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Home > Press > Changing Composition of Nanofibers Results in Treatment of Scars, Deep Wound

Abstract:
Iranian researchers from Isfahan University of Technology in association with researchers from Singapore National University produced nanofibers for the treatment of surface and deep wounds.

Changing Composition of Nanofibers Results in Treatment of Scars, Deep Wound

Tehran, Iran | Posted on June 21st, 2014

The nanofibers are made of cheap and available materials and they are able to control humidity and oxygen diffusion into the wound. Delivery of nutritious materials to cells and removing the wastes are among other characteristics of the product.

The nanofibers are made of cellulose acetate/gelatin, and they have a similar structure with human body with appropriate degradability. Among other achievements of the research, mention can be made of the use of relatively cheap materials that are commercially available and the application of electrospinning method as the most common-used and cost-effective method for the production of nanofibers. The interesting point is that only by changing the ratio of cellulose acetate to gelatin, the nanofibers can be used as bandages in the treatment of superficial wounds or as scaffold in the recovery of deep wounds.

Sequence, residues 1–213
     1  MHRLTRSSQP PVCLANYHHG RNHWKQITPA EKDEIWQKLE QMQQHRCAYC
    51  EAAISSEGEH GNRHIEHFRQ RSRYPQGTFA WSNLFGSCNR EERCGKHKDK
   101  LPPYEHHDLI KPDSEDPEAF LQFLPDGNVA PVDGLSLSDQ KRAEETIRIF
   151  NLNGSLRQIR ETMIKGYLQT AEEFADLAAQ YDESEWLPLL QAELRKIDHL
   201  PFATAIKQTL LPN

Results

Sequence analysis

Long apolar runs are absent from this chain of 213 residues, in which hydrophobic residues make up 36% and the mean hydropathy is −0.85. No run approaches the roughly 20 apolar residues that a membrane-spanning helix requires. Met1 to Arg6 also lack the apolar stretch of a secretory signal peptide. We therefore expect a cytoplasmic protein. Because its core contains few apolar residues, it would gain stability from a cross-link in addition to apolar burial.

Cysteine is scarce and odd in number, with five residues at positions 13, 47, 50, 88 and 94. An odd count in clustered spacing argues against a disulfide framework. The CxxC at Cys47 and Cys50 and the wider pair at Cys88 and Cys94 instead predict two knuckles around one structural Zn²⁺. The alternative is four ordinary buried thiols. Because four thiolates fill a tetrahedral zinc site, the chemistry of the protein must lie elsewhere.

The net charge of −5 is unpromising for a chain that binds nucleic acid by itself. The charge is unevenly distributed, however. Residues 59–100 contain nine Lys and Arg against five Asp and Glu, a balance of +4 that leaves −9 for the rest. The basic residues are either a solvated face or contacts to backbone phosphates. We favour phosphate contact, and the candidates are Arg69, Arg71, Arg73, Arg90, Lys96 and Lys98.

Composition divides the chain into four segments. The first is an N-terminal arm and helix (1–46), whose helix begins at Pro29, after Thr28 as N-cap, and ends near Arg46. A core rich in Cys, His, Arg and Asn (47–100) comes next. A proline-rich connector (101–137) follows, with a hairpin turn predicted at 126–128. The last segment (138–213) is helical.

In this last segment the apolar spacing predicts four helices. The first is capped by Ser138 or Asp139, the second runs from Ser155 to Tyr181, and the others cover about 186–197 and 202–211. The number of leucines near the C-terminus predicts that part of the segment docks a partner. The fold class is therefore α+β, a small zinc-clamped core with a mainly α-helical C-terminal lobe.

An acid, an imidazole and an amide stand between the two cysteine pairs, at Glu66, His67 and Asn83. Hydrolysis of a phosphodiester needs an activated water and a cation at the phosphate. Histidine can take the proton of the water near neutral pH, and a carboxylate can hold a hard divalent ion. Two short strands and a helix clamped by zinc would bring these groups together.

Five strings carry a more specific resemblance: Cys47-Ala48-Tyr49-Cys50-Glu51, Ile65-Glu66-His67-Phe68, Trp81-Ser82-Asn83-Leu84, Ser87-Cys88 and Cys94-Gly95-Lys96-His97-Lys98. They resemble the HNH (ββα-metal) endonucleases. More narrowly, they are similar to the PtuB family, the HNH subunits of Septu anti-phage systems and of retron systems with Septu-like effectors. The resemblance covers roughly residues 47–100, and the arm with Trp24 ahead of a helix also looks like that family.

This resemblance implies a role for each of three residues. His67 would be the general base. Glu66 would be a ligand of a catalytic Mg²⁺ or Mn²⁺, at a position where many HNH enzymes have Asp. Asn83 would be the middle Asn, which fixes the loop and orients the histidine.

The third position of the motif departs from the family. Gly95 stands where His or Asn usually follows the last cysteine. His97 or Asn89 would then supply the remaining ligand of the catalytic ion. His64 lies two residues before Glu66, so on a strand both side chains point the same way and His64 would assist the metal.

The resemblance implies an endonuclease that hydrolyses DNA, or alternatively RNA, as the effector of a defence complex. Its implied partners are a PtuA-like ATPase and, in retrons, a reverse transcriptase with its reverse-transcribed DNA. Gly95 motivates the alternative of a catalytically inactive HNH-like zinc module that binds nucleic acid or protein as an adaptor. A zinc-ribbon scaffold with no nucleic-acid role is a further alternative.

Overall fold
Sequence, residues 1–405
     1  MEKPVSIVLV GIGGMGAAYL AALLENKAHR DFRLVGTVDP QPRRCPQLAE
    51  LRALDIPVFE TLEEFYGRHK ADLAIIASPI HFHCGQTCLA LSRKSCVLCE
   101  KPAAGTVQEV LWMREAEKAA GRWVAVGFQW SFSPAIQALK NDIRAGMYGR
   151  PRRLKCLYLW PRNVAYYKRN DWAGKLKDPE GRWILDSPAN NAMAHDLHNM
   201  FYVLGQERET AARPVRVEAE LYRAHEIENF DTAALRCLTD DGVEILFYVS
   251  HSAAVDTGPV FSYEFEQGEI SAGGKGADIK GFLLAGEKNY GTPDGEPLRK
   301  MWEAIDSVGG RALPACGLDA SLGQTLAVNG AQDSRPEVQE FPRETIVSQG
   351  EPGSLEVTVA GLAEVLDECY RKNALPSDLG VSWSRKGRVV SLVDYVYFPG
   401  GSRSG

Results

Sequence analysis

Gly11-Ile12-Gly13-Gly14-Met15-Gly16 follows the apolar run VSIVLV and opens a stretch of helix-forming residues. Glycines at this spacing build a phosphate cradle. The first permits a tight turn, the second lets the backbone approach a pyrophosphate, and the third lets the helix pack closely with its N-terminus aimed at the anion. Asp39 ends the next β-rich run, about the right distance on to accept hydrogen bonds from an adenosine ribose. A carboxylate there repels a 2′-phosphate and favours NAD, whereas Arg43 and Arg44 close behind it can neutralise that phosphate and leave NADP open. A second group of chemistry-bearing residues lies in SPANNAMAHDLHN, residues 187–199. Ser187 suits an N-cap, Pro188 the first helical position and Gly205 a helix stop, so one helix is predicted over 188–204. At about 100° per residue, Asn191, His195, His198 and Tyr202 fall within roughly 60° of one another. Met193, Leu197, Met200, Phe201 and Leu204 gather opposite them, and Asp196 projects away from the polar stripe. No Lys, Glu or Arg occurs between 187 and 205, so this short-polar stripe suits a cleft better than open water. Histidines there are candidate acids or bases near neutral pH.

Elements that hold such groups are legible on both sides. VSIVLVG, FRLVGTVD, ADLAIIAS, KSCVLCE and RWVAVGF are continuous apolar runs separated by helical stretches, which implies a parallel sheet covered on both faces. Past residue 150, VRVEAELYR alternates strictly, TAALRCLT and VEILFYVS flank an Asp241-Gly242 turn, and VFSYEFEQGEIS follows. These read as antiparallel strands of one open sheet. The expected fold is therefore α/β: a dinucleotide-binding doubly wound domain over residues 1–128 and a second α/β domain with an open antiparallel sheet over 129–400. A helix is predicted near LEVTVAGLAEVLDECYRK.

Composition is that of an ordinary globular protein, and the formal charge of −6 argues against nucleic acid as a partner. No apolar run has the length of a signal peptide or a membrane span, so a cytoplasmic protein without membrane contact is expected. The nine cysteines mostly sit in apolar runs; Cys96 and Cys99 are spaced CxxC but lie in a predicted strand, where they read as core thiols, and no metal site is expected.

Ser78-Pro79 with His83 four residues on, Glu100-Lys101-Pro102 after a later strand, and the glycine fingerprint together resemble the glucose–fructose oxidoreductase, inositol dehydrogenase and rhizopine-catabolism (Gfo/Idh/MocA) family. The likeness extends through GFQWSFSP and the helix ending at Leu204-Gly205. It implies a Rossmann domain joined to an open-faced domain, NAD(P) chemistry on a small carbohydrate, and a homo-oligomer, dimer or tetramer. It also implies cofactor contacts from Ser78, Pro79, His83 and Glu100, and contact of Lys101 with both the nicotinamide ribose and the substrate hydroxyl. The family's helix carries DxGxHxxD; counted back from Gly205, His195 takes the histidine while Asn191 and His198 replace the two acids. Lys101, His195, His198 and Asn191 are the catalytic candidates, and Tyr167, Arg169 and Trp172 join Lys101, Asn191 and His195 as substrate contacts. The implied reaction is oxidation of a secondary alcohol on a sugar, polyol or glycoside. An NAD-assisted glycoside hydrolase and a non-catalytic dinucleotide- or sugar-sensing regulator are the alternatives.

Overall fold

The produced nanofibers enable the desirable interaction with cells by carrying out dimension and structural simulation of natural cellular external matrix. The porosity in the nanofiberous structure provides the chance for the delivery of nutritious materials to the cells and removing the waste from the cells. These facts are considered as key parameters in the success of tissue engineering technology in the recovery of damaged tissues.

Researchers hope to modify the produced structures after in vivo tests in animal samples and clinical test so they can be used in the treatment of various skin damages. Moreover, the release of various types of drugs for the treatment of wound and reducing infection is among other applications of the nanofibers.

Results of the research have been published in Journal of Biomaterials Applications, vol. 28, issue 6, January 2014, pp. 909-921.

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